Spencer did terrible in trades and value obtained. FLA took it to the Rays in every trade. We lost in every count. I see maybe 7 players holding over from the current team. The rest did not have the commitment needed to greatly excel. Just look how the Gwinnett team was built. Big strong defense, forwards with size and speed.

    Need to get the NCC to give the team a financial break. With the influence, power and money the Zucker family has you would think the NCC would do them better. Get with Summney to get the ball rolling. Then the ticket prices can come down and the fans will come back. Take a good look at the Cincinnati, Ontario and Ft Wayne business plans. Absolutely solid plans, community involvement, good informative websites, lower ticket prices and better attendance. Recipe for success? Yep!

    • You are exactly right…We need more guys that will play hard and not put up with crap from Fla and Gwinnett. We have been out played, out worked,out muscled, and out hustled for too long…

  16. If Carbery stays, then I go as a STH. If he leaves, then Im on board again as a STH. His trades he has made the last 2 years have not been very good. When he was first hired, I was excited and even in his first year coaching, the first half of the season was entertaining as all with the toughness, tenacity, and skill they displayed, but then Pacquette got traded and James McEwan got hurt. After that, they went to a more defensive minded approach which led to some boring hockey ever since. Out of my 5 or 6 years as a STH, this was the most boring season out of the bunch. I didnt attend any playoff games this year because I knew how it was going to turn out. The only players I want to see come back are the goalies, Scooter, Gaul, and LUKAAAAAAAAAA!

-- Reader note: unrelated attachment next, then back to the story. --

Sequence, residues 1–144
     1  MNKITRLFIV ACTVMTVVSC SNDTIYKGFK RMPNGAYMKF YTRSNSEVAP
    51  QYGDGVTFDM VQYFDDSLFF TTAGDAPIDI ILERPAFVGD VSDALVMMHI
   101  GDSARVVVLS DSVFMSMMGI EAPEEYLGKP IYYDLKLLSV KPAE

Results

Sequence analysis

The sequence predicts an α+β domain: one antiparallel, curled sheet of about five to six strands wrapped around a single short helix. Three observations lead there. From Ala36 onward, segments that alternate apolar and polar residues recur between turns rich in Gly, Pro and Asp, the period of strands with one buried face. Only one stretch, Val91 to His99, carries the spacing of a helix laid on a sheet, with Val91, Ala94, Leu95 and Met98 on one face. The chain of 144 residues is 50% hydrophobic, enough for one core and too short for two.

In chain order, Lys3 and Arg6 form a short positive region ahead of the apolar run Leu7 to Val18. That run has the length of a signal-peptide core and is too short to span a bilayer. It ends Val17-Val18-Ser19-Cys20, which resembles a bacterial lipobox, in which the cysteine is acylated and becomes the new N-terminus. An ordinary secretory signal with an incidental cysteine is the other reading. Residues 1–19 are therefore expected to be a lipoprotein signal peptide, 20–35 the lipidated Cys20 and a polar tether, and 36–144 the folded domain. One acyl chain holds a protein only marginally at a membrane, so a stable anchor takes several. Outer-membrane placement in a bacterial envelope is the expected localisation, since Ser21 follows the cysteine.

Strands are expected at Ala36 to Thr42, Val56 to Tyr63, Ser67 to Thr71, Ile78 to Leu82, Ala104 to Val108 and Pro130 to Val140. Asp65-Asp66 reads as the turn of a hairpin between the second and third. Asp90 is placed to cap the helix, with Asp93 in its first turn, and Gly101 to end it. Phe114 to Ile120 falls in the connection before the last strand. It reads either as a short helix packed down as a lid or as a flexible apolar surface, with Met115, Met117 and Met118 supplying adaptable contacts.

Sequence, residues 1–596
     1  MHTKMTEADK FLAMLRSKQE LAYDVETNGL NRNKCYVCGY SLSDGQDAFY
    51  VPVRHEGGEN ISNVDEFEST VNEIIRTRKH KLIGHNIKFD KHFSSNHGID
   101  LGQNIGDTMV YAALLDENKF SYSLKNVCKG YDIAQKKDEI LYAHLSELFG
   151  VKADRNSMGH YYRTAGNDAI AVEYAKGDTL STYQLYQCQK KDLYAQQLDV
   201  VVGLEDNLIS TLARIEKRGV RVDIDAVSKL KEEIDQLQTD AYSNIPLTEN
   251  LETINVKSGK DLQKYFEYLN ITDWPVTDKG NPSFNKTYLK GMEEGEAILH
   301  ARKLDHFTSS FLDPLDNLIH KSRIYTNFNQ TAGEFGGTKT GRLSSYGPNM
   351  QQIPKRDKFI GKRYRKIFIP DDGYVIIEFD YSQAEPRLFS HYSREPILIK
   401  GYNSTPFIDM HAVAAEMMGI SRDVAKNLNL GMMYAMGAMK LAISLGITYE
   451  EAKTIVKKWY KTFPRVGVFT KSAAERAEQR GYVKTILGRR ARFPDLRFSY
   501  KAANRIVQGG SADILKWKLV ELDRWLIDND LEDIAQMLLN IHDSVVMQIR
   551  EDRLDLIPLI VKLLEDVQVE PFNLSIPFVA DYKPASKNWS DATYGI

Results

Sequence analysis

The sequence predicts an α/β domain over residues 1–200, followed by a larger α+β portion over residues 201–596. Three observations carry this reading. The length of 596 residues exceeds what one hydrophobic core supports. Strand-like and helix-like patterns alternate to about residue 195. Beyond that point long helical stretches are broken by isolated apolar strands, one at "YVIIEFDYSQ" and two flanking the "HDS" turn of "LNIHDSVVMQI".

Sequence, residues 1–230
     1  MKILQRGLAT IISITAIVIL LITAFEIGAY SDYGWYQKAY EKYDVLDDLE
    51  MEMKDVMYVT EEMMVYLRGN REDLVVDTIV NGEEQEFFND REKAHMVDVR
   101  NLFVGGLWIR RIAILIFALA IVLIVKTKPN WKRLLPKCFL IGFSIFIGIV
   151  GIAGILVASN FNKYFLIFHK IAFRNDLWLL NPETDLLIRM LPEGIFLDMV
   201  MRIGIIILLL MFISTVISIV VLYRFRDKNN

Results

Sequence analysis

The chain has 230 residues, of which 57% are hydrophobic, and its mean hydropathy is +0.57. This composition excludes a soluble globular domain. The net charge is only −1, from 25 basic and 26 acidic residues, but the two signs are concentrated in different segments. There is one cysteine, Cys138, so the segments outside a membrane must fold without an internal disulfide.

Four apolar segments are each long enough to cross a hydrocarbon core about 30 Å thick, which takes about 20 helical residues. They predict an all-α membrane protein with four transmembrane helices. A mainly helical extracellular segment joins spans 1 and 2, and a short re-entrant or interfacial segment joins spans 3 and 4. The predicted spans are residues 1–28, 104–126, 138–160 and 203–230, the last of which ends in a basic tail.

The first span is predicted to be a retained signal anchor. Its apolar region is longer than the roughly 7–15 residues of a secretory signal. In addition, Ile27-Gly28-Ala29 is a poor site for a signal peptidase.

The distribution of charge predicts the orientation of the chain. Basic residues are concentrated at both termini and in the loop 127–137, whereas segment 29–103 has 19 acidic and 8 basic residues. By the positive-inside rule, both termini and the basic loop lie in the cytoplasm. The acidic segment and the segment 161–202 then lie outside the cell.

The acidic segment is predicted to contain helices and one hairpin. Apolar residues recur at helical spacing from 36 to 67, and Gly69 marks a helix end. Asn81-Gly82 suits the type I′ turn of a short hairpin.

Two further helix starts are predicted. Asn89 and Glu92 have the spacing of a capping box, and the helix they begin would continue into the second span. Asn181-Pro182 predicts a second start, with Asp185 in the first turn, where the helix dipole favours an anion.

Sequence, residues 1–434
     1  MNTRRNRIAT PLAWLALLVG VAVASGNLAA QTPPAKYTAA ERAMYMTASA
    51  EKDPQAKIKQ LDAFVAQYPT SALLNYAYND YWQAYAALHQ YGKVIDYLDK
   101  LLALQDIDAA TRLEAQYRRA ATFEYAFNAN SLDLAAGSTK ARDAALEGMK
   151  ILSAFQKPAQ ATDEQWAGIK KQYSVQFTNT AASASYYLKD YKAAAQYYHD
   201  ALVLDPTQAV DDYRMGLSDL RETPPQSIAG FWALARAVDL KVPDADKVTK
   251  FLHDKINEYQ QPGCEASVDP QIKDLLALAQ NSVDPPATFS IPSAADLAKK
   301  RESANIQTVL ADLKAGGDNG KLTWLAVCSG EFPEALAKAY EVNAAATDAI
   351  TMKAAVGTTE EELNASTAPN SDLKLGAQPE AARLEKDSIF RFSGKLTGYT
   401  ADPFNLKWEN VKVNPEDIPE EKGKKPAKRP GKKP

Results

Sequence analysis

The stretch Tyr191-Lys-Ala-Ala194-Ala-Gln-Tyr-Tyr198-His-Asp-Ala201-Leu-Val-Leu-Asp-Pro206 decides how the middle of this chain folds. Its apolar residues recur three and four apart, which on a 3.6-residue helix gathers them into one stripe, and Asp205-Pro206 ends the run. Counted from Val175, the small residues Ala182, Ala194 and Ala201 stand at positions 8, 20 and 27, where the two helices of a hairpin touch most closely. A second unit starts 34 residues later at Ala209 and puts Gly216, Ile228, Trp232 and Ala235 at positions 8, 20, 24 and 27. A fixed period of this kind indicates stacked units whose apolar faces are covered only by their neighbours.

17. Y’all can cancel your season tickets and slam Coach Carbury all you want but the fact is that Coach has another year on his contract and will be with us for the 2013-14 season. The Ray’s owners/management group have never failed to honor a coach’s contract by early termination. Do you really feel that they are dissatisfied with Spencer’s performance? Zucker Award recipient for community service; first time coach; playoffs both seasons; and unfortunately saddled with a virtually new team this past season. It will never happen and personally I am very happy to have Spencer Carbury back behind the bench for another season.

    • That being said…….
      here’s hoping the personality conflicts, dead end trades, and less than inspired hockey, were the results of bad luck, injuries, and the NHL lockout.
      Don’t know if we have time to raise a coach. Even if he is a great guy.

    • It was sort of a tale of 3 seasons for this team. Early on the team was inconsistent and it is my understanding Carberry had a meeting with a few players and the fortunes of the team turned around. The goaltending was superb and the team went on a role. The latter part of the year showed a team that was Ok but not great. Scoring was an issue all year, but it became magnified in the playoffs when horrible decisions were made by key performers especially defensemen who were supposed to be keys to a teams success. Carberry seemed to continue to reward some of these players with increased ice time which to me indicated he had fallen in love with them and was turning a blind eye to their mistakes and poor play. Injuries to the defense certainly hurt but when you look a little more carefully it really came down to the teams best players not being the best players in the playoffs. I have mentioned it before but I thought Zapolski was fine with the possible exception of game 1. The one baffling issue and I think both the coaches and players have to take some blame for this is how could the team come out so flat in game 1 and even worse in game 3 back home.